Well it turns out that the parameterized query does work with MySQL,
shockingly enough.

I suppose either the CLR or the ODBC provider is doing the
translation...cause I don't think MySQL natively supports it but in any
event, unless someone has a magic RegEx to meet the need, I'm going to
change my DAL to support parameterized sql and tell the other devs to write
their queries that way. :)

Thanks for the nudge Eric - I'd never have tested them if you hadn't brought
it up.

"Chuck Haeberle" <ch******@contractor.nocienaspam.com> wrote in message
news:e7**************@tk2msftngp13.phx.gbl...
"Eric Newton" <er**@cc.ensoft-software.com> wrote in message
news:%2****************@tk2msftngp13.phx.gbl...
If you start out right then you'll save yourself a lot of headache.

when you're building up the sql, fix it right then by escaping the single quotes with DOUBLED single quotes, dont wait til afterwards to try to figure
out whats going on.


Generally I agree - but the dev's on the project I'm doing this for has a
history of failing to do just that and my thinking is, if we could remove
the need at a lower level then when someone who's less dilligent than they
should be writes sql which will blow up on the nested ', we can nip it in
the bud.
if you REALLY want to parse after the fact, I dont believe regex's will

work
well, you'll have to actually parse the text but if you're inconsistent

then
good luck trying to get that to work either...


Thats my fear - especially considering how many variations there are to

the rules when you consider the syntax of insert clauses vs. the syntax of where clauses...
The key is to fix it at the start, before it even has a chance to become a problem, OR use named parameters:
cmd.CommandText = "UPDATE Table Set FIELD1=@Field1 WHERE FieldID=@FieldID" cmd.Parameters.Add("@Field1",DbType.VarChar,50).Va lue = "Eric's sample"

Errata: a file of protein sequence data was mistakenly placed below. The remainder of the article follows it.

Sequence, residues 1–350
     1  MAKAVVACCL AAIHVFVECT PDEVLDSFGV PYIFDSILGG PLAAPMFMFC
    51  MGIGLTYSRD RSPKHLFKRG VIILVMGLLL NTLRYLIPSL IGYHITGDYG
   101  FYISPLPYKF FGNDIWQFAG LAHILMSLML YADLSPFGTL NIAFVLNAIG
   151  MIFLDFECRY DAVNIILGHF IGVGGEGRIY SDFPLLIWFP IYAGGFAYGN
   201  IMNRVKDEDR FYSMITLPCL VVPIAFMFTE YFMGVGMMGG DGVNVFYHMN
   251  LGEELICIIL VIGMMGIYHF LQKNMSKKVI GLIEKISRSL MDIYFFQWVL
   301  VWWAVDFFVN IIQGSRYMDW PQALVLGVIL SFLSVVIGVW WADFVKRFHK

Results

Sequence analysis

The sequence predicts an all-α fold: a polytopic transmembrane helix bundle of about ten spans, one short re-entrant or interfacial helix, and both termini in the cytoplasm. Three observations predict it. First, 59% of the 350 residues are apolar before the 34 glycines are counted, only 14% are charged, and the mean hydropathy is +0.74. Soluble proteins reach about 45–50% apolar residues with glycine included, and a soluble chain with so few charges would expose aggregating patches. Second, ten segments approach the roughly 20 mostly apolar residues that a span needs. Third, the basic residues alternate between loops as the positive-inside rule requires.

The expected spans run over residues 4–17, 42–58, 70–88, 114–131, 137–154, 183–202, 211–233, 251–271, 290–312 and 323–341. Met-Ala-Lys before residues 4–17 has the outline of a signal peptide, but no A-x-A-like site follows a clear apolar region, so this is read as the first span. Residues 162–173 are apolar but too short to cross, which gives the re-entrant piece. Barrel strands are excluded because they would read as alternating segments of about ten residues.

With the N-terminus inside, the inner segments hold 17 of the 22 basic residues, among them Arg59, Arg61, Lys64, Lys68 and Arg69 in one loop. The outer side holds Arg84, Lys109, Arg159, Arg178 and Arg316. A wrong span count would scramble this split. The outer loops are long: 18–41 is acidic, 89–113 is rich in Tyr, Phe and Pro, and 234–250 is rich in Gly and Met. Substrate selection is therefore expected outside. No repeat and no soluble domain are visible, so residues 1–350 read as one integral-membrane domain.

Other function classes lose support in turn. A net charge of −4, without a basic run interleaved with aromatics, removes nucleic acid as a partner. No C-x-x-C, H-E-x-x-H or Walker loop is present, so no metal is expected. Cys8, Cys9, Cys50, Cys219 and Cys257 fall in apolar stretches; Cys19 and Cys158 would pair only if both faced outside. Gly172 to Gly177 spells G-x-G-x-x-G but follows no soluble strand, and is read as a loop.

cmd.Parameters.Add("@FieldID",DbType.Int).Value = 1
I forgot to mention the back end is a MySQL database, didn't I? I wonder

if named parms will work in that case. :)

Anyway if it's really not feasible I'll make do - but I'm hoping SOMEONE out there is really gifted with these cryptic (to me) regexs and is intrigued by the challenge. :)

Nov 15 '05 #4

P: n/a
You're welcome!

Personally I prefer the named parameters because in SQL the SqlCommand
provider encourages the use of sp_executesql, which affords using a cached
execution plan, basically almost as good as writing a stored procedure!

Glad to be of help

--
Eric Newton
C#/ASP Application Developer
http://ensoft-software.com/
er**@cc.ensoft-software.com [remove the first "CC."]

"Chuck Haeberle" <ch******@contractor.nocienaspam.com> wrote in message
news:%2****************@TK2MSFTNGP10.phx.gbl...
Well it turns out that the parameterized query does work with MySQL,
shockingly enough.

I suppose either the CLR or the ODBC provider is doing the
translation...cause I don't think MySQL natively supports it but in any
event, unless someone has a magic RegEx to meet the need, I'm going to
change my DAL to support parameterized sql and tell the other devs to write their queries that way. :)

Thanks for the nudge Eric - I'd never have tested them if you hadn't brought it up.

"Chuck Haeberle" <ch******@contractor.nocienaspam.com> wrote in message
news:e7**************@tk2msftngp13.phx.gbl...
"Eric Newton" <er**@cc.ensoft-software.com> wrote in message
news:%2****************@tk2msftngp13.phx.gbl...
If you start out right then you'll save yourself a lot of headache.

when you're building up the sql, fix it right then by escaping the single quotes with DOUBLED single quotes, dont wait til afterwards to try to figure
out whats going on.


Generally I agree - but the dev's on the project I'm doing this for has a
history of failing to do just that and my thinking is, if we could remove the need at a lower level then when someone who's less dilligent than they should be writes sql which will blow up on the nested ', we can nip it in the bud.
if you REALLY want to parse after the fact, I dont believe regex's will
work
well, you'll have to actually parse the text but if you're
inconsistent then
good luck trying to get that to work either...


Thats my fear - especially considering how many variations there are to

the
rules when you consider the syntax of insert clauses vs. the syntax of

where
clauses...
The key is to fix it at the start, before it even has a chance to

become a problem, OR use named parameters:
cmd.CommandText = "UPDATE Table Set FIELD1=@Field1 WHERE FieldID=@FieldID" cmd.Parameters.Add("@Field1",DbType.VarChar,50).Va lue = "Eric's
sample" cmd.Parameters.Add("@FieldID",DbType.Int).Value = 1


I forgot to mention the back end is a MySQL database, didn't I? I

wonder if
named parms will work in that case. :)

Anyway if it's really not feasible I'll make do - but I'm hoping SOMEONE out
there is really gifted with these cryptic (to me) regexs and is

intrigued by
the challenge. :)


Nov 15 '05 #5